Amelia and Pippo are reunited after several decades to perform their old music-hall act (imitating Fred Astaire and Ginger Rogers) on a TV variety show. It's both a touchingly nostalgic ... See full summary »
Cabiria is a wide-eyed waif, a streetwalker living in a poor section of Rome where she owns her little house, has a bank account, and dreams of a miracle. We follow her nights (and days): a boyfriend steals 40,000 lire from her and nearly drowns her, a movie star on the Via Veneto takes her home with him, at a local shrine she seeks the Madonna's intercession, then she meets an accountant who's seen her, hypnotized on a vaudeville stage, acting out her heart's longings. He courts her. Is it fate that led to their meeting? Is this finally a man who appreciates her for who she is? Written by
It's hard to tell which Fellini's film leads the way; "8 1/2", "La Dolce vita", "La strada", "Amarcord" and so many more, you just can't choose.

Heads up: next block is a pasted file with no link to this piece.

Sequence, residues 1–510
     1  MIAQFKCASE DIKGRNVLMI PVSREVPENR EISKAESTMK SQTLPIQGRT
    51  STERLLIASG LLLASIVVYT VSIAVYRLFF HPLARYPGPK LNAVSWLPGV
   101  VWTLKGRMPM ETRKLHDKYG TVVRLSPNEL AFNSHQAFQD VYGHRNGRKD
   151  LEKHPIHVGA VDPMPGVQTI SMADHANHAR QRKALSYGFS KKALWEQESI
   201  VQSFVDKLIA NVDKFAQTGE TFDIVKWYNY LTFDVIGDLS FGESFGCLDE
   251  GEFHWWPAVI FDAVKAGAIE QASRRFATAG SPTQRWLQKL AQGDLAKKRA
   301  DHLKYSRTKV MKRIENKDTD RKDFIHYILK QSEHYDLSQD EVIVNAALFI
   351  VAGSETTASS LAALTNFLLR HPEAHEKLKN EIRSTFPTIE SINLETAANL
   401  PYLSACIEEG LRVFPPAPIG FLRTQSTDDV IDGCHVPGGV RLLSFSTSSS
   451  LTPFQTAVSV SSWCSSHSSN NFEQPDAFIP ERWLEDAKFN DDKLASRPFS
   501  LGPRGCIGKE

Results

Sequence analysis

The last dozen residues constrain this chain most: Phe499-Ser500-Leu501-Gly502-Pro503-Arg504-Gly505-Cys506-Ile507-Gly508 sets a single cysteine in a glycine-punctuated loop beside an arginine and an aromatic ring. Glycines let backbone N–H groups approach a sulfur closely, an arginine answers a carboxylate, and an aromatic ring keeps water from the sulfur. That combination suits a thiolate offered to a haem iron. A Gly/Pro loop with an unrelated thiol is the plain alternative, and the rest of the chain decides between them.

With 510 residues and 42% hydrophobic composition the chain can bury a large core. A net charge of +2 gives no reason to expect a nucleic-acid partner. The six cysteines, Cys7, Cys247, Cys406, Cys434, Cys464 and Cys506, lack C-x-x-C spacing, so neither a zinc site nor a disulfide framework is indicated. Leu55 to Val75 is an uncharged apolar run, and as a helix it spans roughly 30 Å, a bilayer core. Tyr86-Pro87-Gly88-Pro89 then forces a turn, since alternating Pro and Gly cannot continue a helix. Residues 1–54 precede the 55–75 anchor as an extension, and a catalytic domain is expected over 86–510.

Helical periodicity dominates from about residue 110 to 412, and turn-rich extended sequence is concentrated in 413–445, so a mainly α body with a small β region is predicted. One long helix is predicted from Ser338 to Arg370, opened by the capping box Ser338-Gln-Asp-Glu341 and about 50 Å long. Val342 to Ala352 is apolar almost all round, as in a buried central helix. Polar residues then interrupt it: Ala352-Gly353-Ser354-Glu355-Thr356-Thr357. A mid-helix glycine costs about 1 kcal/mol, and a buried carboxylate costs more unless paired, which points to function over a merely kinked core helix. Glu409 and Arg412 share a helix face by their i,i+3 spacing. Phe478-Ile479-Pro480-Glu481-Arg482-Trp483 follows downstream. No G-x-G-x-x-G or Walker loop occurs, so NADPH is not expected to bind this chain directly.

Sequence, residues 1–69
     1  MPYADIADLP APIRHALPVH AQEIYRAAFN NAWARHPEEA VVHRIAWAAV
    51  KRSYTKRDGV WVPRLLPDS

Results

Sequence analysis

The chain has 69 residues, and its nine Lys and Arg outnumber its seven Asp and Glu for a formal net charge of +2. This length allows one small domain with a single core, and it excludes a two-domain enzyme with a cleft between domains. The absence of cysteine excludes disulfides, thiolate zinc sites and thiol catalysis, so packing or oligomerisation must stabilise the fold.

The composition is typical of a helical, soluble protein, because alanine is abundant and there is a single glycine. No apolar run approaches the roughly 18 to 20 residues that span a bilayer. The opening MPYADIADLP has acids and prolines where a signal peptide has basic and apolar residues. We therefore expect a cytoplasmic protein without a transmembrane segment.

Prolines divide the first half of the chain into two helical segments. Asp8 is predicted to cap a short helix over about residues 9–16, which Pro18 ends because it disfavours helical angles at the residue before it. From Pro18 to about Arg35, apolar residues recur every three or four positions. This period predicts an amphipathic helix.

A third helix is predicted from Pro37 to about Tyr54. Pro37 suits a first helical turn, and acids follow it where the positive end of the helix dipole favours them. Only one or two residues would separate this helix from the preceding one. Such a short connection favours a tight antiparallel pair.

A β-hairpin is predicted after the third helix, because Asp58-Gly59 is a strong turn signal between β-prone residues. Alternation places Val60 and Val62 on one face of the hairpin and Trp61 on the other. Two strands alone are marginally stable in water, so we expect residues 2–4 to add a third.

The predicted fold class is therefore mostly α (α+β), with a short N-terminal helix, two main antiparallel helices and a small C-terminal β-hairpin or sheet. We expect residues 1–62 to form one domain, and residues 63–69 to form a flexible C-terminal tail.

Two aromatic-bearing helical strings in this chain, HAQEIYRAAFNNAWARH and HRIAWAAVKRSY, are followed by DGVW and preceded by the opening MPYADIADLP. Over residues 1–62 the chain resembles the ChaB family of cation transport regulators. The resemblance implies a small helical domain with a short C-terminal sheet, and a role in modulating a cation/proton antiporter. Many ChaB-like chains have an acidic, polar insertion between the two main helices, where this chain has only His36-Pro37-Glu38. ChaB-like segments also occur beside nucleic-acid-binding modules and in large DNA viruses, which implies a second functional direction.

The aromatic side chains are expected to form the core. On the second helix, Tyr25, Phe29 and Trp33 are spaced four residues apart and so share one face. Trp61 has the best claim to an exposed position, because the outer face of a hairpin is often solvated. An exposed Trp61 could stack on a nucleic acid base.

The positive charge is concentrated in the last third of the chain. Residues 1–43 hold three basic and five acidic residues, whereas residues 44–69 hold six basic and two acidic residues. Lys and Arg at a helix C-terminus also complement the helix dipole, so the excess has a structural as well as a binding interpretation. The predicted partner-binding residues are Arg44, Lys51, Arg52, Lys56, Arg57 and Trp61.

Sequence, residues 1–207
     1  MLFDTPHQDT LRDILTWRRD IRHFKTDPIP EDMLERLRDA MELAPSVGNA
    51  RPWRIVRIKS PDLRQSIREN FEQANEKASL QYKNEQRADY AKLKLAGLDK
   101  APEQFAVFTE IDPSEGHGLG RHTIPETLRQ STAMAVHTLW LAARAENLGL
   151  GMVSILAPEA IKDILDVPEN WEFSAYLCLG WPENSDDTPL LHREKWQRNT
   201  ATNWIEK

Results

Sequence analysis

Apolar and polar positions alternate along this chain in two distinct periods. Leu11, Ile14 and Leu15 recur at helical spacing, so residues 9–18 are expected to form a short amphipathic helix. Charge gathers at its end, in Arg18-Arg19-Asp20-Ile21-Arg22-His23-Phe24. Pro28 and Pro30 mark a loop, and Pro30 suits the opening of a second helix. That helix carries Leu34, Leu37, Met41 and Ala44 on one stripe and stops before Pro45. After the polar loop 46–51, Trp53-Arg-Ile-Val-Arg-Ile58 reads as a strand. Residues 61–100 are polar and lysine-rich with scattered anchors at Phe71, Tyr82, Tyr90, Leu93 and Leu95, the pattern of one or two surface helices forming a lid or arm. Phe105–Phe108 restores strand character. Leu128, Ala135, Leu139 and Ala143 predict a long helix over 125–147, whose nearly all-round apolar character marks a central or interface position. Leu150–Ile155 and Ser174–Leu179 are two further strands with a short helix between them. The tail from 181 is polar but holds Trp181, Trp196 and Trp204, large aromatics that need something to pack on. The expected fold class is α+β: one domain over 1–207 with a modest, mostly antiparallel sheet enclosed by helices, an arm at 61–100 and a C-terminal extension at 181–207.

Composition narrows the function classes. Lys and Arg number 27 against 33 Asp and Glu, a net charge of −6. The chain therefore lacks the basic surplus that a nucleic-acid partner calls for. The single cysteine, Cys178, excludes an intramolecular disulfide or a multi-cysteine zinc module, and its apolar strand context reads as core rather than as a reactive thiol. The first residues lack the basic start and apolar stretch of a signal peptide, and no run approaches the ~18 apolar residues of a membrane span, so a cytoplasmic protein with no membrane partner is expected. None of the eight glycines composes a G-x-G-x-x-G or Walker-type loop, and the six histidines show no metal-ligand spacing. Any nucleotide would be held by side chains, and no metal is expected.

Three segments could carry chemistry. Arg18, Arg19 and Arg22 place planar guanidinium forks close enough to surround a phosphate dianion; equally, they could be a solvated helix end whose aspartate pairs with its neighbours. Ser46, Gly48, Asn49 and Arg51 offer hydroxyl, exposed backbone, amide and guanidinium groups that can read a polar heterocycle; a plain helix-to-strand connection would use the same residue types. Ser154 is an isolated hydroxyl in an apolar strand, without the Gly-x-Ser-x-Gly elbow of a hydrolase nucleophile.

But, when it comes to this beautiful picture, things become clearer. It's not just the amazing perfomance by Giullietta Masina, it's not just the wonderful, semi-crazy characters wondering around the screen and emphasizing Kabiria's sad and lonely world, it's -and that's the film's greatest quality- this sense of optimism that Fellini wants the viewer to take with him/her as he/she is leaving the theater. The master takes everything from his heroin but at the end he wants to convey one simple, eassy-to-grip but so essential message: "Please, don't give up". The power of the film's last ten minutes is unpreceded in the world of movies and, sad to say, never again have we seen such an amazing finale. This is a must-see film, and, most important of all, a film so generous to its viewers that one time is not enough. A total 9/10
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